Don’t get me wrong, I have nothing against the humble avocado toast. It used to be my go-to breakfast circa 2016. Crusty sourdough, copious amounts of mashed avocado, a generous squeeze of lemon, salt and pepper, and my favourite touch – wafer-thin slices of red onion.
But as an unapologetic food enthusiast – and a vegan of more than 12 years – I’m frankly disheartened by the relentless recurrence of a tired, uninspiring repertoire of plant-based offerings on restaurant menus.
We’re stuck in a culinary loop where the ever-reliable avo toast, the ubiquitous acai bowl, the dependable Beyond Meat burger and the predictable penne arrabiata play the same old tune.
Where is the spark of culinary creativity and innovation? Why is it that an omnivore can stroll up to a trendy breakfast spot in Abu Dhabi or Dubai and order any number of delectable choices, while plant-based eaters are stuck out of luck unless they frequent a vegan establishment?
I have a few theories.
First, most restaurateurs and chefs don’t believe demand is high enough in the region, so they only include a few token plant-based items to tick a box. “There aren’t as many vegans out there as you think,” an industry professional in the UAE once told me with unfounded confidence.
While I can’t accurately state the number of vegans in the country, either, I do know that many people who eat plant-based are not even vegan or vegetarian. More people are now choosing to skip out on meat, poultry or dairy for several reasons.
Maybe they’ve switched skimmed milk for oat milk to avoid dairy-induced skin breakouts. Perhaps they’ve pledged to go meatless a few times a week in the name of the environment. Maybe their best friend or partner is vegan and so they opt for plant-based dishes from time to time. The possibilities are endless because, and excuse me for stating the obvious here, vegan food is also just food.
Whenever I’m faced with someone who is vehemently anti-vegan, I often can’t help but laugh as I remind them that some of their favourite foods are accidentally vegan. Hummus. Oreos. PB&Js. Fries.
An innovative and delectable plant-based dish is a win for anyone with taste buds, not just those who choose to usurp animal products for health, environmental or ethical reasons.
My second theory stems from the first; because restaurant owners think there’s limited demand for vegan options, they don’t think they’re missing out on a substantial customer base. This line of thinking is false for precisely one reason: The veto vote.
The veto vote occurs when one person in a dining party who is vegan, vegetarian or has food allergies, decides where the group will dine.
Someone will suggest a swanky Italian restaurant for dinner – the outdoor seating is fantastic, it’s Michelin-recommended, and the tiramisu is to die for. Enter Nada.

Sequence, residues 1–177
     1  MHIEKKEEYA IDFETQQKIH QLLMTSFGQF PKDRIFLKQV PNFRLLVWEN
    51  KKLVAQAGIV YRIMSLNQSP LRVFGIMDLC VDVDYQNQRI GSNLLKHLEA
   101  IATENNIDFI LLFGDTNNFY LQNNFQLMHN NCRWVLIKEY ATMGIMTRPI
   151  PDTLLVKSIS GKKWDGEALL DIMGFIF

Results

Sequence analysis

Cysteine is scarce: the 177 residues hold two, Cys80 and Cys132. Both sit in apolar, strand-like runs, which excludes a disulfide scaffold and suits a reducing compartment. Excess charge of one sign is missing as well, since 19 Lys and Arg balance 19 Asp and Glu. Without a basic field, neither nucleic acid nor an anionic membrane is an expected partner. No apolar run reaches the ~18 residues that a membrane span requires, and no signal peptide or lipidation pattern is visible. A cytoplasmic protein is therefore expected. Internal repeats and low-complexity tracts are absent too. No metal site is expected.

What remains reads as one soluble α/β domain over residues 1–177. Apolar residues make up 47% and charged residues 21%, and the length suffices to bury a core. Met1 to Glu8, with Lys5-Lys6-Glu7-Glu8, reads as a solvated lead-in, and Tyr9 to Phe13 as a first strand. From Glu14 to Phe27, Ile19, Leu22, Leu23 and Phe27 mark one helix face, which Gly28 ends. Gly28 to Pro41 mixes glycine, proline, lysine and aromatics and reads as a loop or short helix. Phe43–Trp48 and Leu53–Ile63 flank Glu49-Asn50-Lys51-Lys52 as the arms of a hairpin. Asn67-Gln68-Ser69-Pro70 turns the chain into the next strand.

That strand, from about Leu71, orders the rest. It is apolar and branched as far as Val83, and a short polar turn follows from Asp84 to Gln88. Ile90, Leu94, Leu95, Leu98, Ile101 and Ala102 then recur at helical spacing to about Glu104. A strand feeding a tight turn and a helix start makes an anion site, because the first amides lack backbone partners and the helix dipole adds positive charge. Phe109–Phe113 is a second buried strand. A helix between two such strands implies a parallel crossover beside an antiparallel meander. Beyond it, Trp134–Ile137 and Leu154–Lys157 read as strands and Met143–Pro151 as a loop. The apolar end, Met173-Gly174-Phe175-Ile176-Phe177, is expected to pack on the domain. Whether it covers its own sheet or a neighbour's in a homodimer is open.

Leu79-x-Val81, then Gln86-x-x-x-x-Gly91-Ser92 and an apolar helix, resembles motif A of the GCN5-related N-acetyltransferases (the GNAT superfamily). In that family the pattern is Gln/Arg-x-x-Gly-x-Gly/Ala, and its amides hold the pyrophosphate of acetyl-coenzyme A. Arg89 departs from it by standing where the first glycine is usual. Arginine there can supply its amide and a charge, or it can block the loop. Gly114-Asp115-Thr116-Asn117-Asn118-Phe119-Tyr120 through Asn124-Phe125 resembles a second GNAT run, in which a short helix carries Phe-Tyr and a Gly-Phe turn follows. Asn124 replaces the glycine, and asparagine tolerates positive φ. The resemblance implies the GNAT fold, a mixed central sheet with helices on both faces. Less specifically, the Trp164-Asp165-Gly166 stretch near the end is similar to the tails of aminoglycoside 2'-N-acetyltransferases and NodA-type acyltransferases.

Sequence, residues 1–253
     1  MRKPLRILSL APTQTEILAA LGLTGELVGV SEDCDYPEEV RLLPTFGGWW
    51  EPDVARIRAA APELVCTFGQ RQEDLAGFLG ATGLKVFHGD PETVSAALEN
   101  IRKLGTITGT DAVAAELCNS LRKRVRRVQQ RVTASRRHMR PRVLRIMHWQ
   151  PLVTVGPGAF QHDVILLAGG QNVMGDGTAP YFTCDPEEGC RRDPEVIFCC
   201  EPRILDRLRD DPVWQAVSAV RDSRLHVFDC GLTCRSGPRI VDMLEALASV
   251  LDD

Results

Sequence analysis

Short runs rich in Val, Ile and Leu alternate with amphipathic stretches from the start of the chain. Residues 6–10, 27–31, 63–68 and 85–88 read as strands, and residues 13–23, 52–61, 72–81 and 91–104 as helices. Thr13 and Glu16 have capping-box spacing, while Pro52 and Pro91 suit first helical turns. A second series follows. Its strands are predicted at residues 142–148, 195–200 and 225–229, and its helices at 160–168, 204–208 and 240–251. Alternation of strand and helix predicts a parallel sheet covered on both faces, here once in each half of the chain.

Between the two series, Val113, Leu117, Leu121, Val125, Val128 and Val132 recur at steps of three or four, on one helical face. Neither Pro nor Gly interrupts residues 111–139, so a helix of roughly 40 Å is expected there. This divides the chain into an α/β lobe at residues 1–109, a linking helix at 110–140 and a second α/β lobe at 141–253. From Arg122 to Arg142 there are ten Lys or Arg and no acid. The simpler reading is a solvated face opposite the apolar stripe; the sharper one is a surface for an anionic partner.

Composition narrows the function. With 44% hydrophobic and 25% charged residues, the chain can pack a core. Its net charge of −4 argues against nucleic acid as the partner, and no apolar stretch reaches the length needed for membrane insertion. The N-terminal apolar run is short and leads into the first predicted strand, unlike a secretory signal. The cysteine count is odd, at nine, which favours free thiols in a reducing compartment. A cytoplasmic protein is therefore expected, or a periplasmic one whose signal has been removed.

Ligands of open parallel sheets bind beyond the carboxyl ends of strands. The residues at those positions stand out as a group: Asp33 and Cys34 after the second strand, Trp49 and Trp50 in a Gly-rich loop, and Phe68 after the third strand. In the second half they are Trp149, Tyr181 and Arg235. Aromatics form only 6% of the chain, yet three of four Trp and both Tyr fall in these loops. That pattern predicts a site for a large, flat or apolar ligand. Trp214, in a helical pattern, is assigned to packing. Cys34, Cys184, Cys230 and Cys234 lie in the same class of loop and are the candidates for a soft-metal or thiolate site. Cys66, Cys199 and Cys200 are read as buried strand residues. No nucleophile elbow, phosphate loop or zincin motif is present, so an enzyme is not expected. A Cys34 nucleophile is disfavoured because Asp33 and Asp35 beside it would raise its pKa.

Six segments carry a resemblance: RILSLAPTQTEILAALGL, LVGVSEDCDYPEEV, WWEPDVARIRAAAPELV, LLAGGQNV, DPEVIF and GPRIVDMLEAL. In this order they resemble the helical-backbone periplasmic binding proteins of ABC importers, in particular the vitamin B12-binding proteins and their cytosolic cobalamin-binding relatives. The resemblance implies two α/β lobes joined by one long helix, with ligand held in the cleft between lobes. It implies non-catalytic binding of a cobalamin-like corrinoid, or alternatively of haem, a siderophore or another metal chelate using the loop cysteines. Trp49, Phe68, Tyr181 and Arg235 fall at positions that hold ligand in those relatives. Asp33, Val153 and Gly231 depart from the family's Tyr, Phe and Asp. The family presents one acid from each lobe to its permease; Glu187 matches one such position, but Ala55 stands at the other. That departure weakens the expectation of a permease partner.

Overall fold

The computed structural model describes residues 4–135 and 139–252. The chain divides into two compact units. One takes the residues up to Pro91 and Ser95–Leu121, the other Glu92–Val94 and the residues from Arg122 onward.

A thorough audit of the restaurant’s online menu, Instagram feed and Google reviews tells me it does little in the way of catering to plant-based diners. I offer up the pan-Asian restaurant in the neighbouring hotel as an alternative. Plant-based starters and mains aside, it even has a dairy-free dessert that isn’t sorbet or fruit salad. Everyone agrees, a reservation is made, and a table of 10 takes its custom elsewhere for the night.
Lastly, I think risk adversity plays a huge factor in deciding what plant-based options make it to a menu. Why introduce a tofu Benedict when we know that countless restaurants have been serving up the old, reliable avo toast for years with overwhelming success? There is no need to add new ingredients to our supply chain or increase the margin of error by training staff on a new food preparation method.
While I understand that practicality is an essential factor for restaurants, the playing-it-safe approach is becoming tired, overdone and utterly uninspired. There are infinite ways to develop exciting plant-based dishes using ingredients available in most restaurant pantries. Having spent 12 weeks in London this summer, arguably one of Europe’s most vegan-friendly cities, I know this for a fact.
What I would love to see chefs in the UAE do more of is celebrate plant-based ingredients by making vegetables the star of their dishes. Instead of a Buddha bowl, why not serve grilled butternut squash with pickled pineapple, toasted cashews, and a sweet and sour sauce? Or a tandoori-spiced roasted cauliflower atop butter bean puree with mint chutney?
Sure, alternative meats are great, but nothing beats a house-made veggie patty. Load it up with umami-filled slow-roasted mushrooms, smoked paprika and toasted cumin, and hearty black beans with a crispy panko coating, and you have yourself a winner.
Another measure this vegan wishes restaurants would take is to test their menus with real-life plant-based eaters to give their honest feedback. Oftentimes, I see dishes that are trying too hard to push the boundaries of culinary innovation, but fall short on flavour or execution.
In closing, this World Vegan Day, I am officially boycotting avocado toast. I will no longer vote with my proverbial dirham by ordering it (and similar overdone options) when dining out.
Eating is one of life’s simplest and most divine pleasures and, frankly, my taste buds deserve better. If you’re still not convinced, riddle me this: Imagine if every time you dined out, you ended up ordering a meal that either lacked creativity, was prepared haphazardly upon request, or consisted mainly of side dishes. Would you consider that a positive dining experience?
I didn’t think so.
Nada Elbarshoumi is plant-based culinary consultant and food blogger